Table of Contents

A Biographical Dictionary of Women Economists

A Biographical Dictionary of Women Economists

Elgar original reference

Edited by Robert W. Dimand, Mary Ann Dimand and Evelyn L. Forget

This major original reference work includes over one hundred specially commissioned articles on the lives and writings of women who made significant contributions to economics. It sheds new light on the rich, but too often neglected, heritage of women’s analysis of economic issues and participation in the discipline of economics. In addition to those who wrote in English, some notable Danish, Dutch, French, German, Greek, Italian, Japanese, Russian and Swedish women economists are included. This book will transform widely-held views about the past role of women in economics, and will stimulate further research in this exciting but underdeveloped field. It is dedicated to the memory of Michèle Pujol, a pioneer in the field.

Katherine Bement Davis

Claire Holton Hammond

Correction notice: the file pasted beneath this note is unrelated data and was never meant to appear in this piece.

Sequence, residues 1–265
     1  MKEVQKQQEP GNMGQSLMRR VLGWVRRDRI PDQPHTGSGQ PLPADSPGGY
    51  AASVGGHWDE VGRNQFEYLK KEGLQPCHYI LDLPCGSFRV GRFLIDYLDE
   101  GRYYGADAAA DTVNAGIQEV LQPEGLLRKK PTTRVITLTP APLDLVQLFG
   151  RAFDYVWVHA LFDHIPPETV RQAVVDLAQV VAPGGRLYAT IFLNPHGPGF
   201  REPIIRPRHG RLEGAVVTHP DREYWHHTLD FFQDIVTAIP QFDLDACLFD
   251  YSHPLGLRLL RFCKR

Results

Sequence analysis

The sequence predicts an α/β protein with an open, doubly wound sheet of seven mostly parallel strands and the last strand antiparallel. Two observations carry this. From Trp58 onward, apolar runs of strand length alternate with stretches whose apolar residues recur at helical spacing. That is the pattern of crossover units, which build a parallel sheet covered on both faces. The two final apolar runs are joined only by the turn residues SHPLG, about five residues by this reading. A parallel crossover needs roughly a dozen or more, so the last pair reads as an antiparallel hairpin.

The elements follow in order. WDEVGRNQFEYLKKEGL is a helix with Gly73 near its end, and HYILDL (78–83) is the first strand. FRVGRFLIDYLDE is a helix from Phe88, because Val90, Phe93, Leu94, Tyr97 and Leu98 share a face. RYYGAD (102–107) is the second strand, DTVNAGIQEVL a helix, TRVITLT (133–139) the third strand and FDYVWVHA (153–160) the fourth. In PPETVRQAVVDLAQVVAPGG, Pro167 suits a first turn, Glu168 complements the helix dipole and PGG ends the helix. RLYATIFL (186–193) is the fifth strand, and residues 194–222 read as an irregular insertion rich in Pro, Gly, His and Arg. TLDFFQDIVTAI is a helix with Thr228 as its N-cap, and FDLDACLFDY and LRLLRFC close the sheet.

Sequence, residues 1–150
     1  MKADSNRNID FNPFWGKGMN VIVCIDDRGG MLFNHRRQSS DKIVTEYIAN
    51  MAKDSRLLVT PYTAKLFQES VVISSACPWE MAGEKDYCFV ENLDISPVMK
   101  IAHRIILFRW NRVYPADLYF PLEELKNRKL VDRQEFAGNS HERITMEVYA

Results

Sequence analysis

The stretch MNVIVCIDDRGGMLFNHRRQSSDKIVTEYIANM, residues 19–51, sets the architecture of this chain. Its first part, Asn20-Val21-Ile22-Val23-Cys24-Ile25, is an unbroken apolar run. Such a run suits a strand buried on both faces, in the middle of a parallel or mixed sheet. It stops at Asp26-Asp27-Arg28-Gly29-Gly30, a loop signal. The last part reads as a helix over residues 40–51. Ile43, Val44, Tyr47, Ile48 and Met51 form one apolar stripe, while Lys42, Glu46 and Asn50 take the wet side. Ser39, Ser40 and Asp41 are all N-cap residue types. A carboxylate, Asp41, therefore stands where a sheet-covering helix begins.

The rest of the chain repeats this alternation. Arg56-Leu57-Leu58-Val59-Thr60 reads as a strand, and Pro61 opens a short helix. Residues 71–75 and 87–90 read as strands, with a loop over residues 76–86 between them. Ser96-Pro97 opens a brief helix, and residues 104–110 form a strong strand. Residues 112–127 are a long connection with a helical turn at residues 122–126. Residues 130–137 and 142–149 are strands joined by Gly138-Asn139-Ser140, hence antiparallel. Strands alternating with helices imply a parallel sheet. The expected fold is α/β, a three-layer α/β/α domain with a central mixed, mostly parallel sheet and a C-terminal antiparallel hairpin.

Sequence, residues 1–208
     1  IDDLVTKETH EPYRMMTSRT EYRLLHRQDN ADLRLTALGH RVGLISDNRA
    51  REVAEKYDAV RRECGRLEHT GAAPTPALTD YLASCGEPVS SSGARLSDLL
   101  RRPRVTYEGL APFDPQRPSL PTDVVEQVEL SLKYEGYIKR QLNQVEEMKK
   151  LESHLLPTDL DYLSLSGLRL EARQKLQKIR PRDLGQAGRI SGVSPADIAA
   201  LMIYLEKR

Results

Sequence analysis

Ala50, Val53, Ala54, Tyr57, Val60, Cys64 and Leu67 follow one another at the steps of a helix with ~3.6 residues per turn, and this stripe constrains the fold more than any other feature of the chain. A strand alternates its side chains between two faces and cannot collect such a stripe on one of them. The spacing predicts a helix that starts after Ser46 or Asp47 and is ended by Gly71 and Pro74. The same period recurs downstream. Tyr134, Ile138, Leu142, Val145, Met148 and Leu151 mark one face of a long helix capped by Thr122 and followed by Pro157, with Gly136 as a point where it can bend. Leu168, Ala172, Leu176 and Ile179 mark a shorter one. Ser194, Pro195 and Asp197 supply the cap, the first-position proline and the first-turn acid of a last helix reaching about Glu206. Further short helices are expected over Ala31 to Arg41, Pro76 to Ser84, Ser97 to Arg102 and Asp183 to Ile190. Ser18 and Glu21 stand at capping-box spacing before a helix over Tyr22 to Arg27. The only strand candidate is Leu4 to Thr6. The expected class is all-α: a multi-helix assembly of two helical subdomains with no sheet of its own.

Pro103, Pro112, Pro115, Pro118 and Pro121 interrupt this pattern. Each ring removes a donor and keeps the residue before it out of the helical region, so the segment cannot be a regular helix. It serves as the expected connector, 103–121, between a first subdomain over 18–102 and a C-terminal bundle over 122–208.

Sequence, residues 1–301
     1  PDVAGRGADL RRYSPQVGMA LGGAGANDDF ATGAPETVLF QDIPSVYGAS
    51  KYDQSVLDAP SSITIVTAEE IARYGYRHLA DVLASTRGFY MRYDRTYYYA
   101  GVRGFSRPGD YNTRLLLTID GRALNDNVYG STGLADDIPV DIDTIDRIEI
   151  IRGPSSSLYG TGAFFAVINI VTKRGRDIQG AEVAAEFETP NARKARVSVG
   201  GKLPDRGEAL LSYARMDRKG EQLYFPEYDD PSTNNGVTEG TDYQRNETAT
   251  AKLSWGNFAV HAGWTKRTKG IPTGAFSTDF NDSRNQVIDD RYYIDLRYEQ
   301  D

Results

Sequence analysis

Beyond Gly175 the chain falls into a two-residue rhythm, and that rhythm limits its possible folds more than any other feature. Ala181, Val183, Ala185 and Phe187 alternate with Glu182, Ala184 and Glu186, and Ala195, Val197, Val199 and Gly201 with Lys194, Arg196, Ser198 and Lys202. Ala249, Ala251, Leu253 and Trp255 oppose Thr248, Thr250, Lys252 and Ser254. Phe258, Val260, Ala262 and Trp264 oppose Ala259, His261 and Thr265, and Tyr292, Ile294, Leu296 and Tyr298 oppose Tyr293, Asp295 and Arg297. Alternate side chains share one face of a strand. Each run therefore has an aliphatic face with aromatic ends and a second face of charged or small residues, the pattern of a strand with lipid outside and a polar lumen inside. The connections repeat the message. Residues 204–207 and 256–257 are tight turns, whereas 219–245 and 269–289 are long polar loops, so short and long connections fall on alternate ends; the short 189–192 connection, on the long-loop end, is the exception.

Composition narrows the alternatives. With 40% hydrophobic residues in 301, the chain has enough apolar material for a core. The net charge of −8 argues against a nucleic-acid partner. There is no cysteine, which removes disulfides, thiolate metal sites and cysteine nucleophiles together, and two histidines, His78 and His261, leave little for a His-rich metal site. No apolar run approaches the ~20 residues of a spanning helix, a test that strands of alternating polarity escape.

Bibliography Selected writings by Caroline A.F. Rhys Davids 131 (1893) ‘Fashion’, Economic Journal, 3 (September), 458–74. (1901), ‘Economic conditions in ancient India’, Economic Journal, 11 (September), 305–20. (1922), ‘Economic conditions according to early Buddhist literature’, Cambridge History of India, vol. 1, pp. 198–219. Other sources and references Fullbrook, Edward (1998), ‘Caroline Foley and the theory of intersubjective demand’, Journal of Economic Issues, 32(3), 709–31. Jayawardena, Kumari (1995), The White Woman’s Other Burden: Western Women and South Asia During British Colonial Rule, London and New York: Routledge. Palgrave, R.H. Inglis (ed.) (1894–99), Dictionary of Political Economy, London: Macmillan. Katherine Bement Davis (1860–1935) In 1900 Katherine Bement Davis became the first woman to earn her Ph.D. in economics at the University of Chicago. By 1922 she was acclaimed by the National League of Women Voters as one of the 12 greatest living American women. Her journey from Chicago to national prominence is one of commitment to science and to the idea that the best way to approach society’s problems is via social and economic research into their underlying causes. Davis was born in 1860 in Buffalo, New York, the daughter of Oscar and Francis Bement Davis. She graduated from Rochester Free Academy in 1879 and taught at Dunkirk High School to pay her way through Vassar where she studied science and mathematics. She graduated with honours in 1892. After graduation Davis spent a year studying food chemistry at Barnard and Columbia Colleges. In 1893 she...

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